It certainly wasn’t meant to be that way. Originally released in 1975, Come Taste the Band heralded the arrival of new guitarist Tommy Bolin. The former James Gang man had been drafted in to replace founding axeman Ritchie Blackmore, who’d finally quit in protest at the increasingly funky, soulful style Purple had been adopting since vocalist David Coverdale and bassist/vocalist Glenn Hughes had replaced Ian Gillan and Roger Glover two years earlier. Bolin’s role was to rejuvenate the band but the results saw them drift further into commercial waters and ever farther from the trademark Purple sound.

Although both the band’s previous two albums, Burn and Stormbringer (both released in 1974), had introduced the aforementioned funk and soul courtesy of Coverdale and Hughes, Blackmore’s continued presence ensured that a certain amount of hard rock meat remained on Purple’s increasingly bare bones. With Blackmore gone, the band completed their transformation into an entirely different beast. Consequently, denim-clad devotees of hard-hitting Purple albums such as In Rock and Machine Head would find little to like.

Offering the likes of driving opener Comin' Home, raunchy blues rockers like I Need Love, excellent vocals from both Coverdale and Hughes and some stellar fretwork from Bolin, Come Taste the Band is far from a disaster, particularly on its own terms. The jazzy interludes and funky breaks which Blackmore had condemned as "shoeshine music" make for breezy easy listening. There’s even a whiff of the sex which Coverdale later made a virtual art form with Whitesnake. As a Deep Purple album, however, it’s underpowered and way too relaxed for its own good. A harmless little sparkler where once there was a ton of TNT.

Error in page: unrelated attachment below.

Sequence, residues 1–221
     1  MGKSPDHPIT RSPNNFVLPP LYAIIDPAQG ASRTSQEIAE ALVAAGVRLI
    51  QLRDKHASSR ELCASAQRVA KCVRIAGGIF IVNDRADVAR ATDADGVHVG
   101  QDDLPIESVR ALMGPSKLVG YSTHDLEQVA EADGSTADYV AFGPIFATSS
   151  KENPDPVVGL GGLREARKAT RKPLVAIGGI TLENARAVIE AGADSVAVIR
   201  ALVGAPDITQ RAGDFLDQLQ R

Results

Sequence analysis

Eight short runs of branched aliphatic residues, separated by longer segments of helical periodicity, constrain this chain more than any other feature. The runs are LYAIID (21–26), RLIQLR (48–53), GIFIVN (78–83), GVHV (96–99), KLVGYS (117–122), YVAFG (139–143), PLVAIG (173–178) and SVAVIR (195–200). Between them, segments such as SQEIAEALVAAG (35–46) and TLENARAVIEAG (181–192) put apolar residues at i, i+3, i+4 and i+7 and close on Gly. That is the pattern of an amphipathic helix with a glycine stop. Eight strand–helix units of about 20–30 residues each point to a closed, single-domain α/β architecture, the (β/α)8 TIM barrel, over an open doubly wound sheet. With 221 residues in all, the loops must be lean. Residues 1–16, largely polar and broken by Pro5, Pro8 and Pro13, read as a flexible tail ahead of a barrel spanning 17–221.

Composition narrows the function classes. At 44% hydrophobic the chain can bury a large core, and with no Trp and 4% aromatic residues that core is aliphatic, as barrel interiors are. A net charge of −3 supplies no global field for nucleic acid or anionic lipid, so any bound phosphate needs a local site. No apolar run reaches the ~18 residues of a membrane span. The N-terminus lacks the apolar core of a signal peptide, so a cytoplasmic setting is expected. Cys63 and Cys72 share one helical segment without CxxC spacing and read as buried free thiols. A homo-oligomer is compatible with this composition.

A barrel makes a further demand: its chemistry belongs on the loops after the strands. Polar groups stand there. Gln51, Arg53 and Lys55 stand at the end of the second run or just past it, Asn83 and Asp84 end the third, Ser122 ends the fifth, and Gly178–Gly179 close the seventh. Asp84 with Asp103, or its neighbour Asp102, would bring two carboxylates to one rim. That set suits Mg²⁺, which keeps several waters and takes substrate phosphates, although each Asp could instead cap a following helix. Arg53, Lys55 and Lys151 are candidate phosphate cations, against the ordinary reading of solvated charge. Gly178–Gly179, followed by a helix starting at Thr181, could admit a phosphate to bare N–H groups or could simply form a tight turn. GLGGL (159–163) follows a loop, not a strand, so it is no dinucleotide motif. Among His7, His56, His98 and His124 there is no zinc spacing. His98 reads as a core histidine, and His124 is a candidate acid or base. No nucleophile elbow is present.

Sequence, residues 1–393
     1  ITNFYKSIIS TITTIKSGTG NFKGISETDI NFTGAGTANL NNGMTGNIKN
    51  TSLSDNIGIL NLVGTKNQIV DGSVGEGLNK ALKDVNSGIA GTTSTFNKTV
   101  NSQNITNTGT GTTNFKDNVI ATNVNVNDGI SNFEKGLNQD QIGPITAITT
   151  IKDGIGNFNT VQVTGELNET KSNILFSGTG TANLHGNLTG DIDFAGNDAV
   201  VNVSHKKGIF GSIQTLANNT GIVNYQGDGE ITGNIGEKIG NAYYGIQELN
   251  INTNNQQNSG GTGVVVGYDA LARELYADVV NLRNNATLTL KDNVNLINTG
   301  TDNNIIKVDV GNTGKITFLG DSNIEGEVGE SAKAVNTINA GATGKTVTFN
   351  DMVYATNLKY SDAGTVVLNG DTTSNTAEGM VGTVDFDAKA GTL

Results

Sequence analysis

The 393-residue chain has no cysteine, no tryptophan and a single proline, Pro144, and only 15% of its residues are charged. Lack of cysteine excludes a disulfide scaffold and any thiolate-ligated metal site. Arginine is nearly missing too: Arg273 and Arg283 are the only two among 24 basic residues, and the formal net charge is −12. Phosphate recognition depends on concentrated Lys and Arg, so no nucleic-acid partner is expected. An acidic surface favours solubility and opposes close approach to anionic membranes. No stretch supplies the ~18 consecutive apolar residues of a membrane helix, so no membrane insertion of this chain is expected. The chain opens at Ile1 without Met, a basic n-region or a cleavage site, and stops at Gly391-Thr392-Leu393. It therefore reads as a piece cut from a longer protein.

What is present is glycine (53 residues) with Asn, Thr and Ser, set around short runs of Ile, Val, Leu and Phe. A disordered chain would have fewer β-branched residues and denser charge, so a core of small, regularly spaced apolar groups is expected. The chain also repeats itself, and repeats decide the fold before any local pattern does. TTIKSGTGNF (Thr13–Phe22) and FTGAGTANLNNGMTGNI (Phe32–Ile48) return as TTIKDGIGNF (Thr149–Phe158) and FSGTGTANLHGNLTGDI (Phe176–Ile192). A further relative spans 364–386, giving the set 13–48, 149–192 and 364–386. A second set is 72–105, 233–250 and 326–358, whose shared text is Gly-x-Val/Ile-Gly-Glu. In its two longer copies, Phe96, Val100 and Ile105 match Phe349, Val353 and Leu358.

--Greg Moffitt

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Customer Reviews

4.6 out of 5 stars

Most Helpful Customer Reviews

3 of 3 people found the following review helpful By Kingcrimsonprog TOP 500 REVIEWER on 9 July 2011
Format: Audio CD Verified Purchase
Come Taste The Band; the tenth Deep Purple studio album (and sole release from the short-lived MK4 line up) is truly underrated and misunderstood, although it thankfully seems to have seen something of a critical reappraisal nowadays, thanks in part to this amazing 35th anniversary edition, in addition to growing appreciation for the late guitarist Tommy Bolin.

Right from the off, Come Taste The Band is big, loud and impressive. Opener 'Commin' Home' bursts out of the speakers with pure rock fury, adding back into the band's sound some of the harder and faster rock edge that had been absent from their previous album Stormbringer (which at times can seem like its just 50% Soul/Funk and 50% Quiet Songs/Ballads.)